Roger Federer won a record eighth Wimbledon title with a 6-3 6-1 6-4 win over a tearful Marin Cilic.
An adoring Centre Court hailed Federer, who surpassed the seven All-England titles won by Pete Sampras and William Renshaw, and extended his all-time Grand Slam record to 19.
Federer dominated an anti-climactic final in which Cilic battled both nerves and a foot injury. The Croat was in tears as he received treatment at 0-3 in the second set, and needed another medical time-out before the third.
[Matchcast: How the final played out]
While his movement did not appear significantly hampered, Cilic never seriously tested Federer in a match that lasted just over 100 minutes. But it is hard to imagine even a fully-fit Cilic – admirably as he has competed this fortnight – upsetting the Swiss on his favourite court. This was his most dominant Wimbledon performance, coming through seven matches without losing a set.
He said: “I feel disbelief that I can achieve such heights. I wasn’t sure if I was ever going to be here in another final after last year (he lost to Milos Raonic in the semi-finals)… I kept on believing and dreaming so to be here with the eighth is fantastic.”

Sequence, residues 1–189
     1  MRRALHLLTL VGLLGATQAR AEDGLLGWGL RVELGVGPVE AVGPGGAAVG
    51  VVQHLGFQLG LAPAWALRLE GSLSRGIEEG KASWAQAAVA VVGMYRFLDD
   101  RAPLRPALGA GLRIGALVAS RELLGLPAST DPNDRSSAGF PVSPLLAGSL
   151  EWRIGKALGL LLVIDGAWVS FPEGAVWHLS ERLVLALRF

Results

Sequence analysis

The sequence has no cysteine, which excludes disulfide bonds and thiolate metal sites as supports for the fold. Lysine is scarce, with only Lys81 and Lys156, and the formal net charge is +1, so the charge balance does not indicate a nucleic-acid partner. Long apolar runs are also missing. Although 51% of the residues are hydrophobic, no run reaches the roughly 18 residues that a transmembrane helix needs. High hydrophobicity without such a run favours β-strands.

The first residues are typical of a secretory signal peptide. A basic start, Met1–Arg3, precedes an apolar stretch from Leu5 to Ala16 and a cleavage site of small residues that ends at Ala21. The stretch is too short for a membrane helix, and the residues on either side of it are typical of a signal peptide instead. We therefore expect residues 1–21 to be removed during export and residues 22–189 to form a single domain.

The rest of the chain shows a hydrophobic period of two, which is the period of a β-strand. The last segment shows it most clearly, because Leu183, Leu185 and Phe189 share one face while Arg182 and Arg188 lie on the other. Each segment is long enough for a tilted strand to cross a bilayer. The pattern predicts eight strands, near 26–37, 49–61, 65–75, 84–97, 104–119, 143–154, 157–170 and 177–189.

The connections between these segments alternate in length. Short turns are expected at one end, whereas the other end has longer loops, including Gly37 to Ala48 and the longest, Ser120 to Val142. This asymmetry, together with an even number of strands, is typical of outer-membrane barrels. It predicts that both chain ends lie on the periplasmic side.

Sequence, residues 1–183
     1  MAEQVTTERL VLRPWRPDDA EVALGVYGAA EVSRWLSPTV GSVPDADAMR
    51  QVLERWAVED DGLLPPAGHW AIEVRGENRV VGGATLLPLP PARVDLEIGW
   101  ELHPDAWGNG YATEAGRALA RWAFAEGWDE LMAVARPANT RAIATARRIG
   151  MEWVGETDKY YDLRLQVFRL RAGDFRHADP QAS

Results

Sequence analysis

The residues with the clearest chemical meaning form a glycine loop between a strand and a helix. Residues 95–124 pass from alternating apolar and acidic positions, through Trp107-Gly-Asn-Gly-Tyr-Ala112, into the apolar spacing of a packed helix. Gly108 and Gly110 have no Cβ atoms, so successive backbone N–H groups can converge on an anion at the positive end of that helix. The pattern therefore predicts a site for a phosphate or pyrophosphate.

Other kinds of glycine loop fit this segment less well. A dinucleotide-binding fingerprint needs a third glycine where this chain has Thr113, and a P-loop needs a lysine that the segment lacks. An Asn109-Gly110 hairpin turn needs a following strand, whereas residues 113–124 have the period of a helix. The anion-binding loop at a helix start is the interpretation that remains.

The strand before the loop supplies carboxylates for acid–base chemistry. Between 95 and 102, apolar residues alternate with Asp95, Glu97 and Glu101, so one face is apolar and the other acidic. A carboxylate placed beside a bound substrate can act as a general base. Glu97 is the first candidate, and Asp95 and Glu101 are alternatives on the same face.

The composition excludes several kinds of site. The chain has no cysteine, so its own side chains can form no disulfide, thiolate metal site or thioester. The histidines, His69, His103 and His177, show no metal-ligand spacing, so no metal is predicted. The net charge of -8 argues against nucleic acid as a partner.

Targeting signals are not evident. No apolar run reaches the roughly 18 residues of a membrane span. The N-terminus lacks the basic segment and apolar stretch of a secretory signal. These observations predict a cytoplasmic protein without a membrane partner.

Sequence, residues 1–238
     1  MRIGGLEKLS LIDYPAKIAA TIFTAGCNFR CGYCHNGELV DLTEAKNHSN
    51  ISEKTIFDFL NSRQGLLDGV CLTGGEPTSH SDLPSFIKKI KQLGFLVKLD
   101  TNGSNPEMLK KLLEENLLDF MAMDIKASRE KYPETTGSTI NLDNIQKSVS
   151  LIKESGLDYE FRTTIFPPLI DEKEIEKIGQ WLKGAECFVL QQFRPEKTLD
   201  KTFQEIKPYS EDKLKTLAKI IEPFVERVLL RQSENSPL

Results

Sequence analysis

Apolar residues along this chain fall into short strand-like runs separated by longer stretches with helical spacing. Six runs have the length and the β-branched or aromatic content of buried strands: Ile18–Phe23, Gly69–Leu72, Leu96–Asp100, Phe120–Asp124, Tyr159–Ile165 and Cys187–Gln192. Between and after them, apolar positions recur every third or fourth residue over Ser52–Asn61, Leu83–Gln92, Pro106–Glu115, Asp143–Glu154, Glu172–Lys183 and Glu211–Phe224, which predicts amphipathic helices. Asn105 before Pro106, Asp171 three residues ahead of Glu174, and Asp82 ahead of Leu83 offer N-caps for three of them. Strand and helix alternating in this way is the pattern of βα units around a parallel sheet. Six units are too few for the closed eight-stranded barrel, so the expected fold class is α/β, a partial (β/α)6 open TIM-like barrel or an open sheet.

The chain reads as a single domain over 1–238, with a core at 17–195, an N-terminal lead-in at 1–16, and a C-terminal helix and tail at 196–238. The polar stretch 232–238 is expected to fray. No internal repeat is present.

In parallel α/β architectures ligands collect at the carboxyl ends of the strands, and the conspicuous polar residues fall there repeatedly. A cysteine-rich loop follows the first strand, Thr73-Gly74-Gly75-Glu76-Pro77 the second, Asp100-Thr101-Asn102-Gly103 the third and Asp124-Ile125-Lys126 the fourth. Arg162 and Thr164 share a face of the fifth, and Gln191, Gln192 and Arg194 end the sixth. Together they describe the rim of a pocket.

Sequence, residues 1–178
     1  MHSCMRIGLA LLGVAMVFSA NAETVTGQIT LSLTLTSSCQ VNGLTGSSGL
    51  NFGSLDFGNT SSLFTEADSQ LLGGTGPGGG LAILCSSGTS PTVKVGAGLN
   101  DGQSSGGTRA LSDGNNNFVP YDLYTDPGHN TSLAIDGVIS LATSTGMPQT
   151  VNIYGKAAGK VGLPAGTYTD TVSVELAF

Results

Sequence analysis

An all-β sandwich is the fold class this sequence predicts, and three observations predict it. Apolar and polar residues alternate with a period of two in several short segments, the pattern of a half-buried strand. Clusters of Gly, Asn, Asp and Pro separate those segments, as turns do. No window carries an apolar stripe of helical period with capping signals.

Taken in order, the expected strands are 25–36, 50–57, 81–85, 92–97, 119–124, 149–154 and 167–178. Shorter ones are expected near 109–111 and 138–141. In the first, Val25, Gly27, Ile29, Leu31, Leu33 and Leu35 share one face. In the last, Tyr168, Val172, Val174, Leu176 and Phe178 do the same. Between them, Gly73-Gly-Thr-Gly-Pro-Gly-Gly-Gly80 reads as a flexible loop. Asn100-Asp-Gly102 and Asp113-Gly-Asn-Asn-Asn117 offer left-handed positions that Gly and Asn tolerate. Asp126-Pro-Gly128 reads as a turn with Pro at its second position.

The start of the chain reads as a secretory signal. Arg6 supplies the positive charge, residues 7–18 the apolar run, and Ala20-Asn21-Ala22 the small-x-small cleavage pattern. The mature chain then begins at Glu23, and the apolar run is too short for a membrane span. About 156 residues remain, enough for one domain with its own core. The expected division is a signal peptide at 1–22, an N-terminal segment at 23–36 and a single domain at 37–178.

Federer won the Australian Open in February but missed the entire clay-court season to spare his body ahead of Wimbledon.
He said: “I’ve got to take more time off! I’ll be gone again for the next six months! This tournament I’ve played, not dropping a set and holding the trophy – it’s magical. It’s too much really”
Cilic welled up again during the post-match interviews saying: “I never gave up, once I started a match. I gave my best and that’s all I could do.”
Federer, gracious in victory as ever, said of his vanquished opponent: “It is cruel sometimes but he fought well and he’s a hero. You should be really proud.”
Federer turns 36 next month yet remains at the top of his game. His second Slam of the year moves him to three in the world rankings, and tantalisingly close to regaining the world number one spot for the first time since November 2012.